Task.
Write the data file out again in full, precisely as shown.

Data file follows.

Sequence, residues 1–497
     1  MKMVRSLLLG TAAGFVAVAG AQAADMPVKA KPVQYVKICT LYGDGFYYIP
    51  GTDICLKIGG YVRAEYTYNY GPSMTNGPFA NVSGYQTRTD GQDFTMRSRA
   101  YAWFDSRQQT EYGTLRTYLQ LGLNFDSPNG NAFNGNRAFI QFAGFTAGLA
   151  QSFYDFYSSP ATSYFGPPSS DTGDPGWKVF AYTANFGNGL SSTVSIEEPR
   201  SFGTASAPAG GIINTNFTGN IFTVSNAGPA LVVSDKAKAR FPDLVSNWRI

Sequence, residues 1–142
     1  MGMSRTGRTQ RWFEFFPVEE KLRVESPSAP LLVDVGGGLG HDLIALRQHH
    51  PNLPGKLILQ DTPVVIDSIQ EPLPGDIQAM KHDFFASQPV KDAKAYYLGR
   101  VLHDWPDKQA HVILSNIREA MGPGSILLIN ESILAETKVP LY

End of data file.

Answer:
Sequence, residues 1–497
     1  MKMVRSLLLG TAAGFVAVAG AQAADMPVKA KPVQYVKICT LYGDGFYYIP
    51  GTDICLKIGG YVRAEYTYNY GPSMTNGPFA NVSGYQTRTD GQDFTMRSRA
   101  YAWFDSRQQT EYGTLRTYLQ LGLNFDSPNG NAFNGNRAFI QFAGFTAGLA
   151  QSFYDFYSSP ATSYFGPPSS DTGDPGWKVF AYTANFGNGL SSTVSIEEPR
   201  SFGTASAPAG GIINTNFTGN IFTVSNAGPA LVVSDKAKAR FPDLVSNWRI

Sequence, residues 1–142
     1  MGMSRTGRTQ RWFEFFPVEE KLRVESPSAP LLVDVGGGLG HDLIALRQHH
    51  PNLPGKLILQ DTPVVIDSIQ EPLPGDIQAM KHDFFASQPV KDAKAYYLGR
   101  VLHDWPDKQA HVILSNIREA MGPGSILLIN ESILAETKVP LY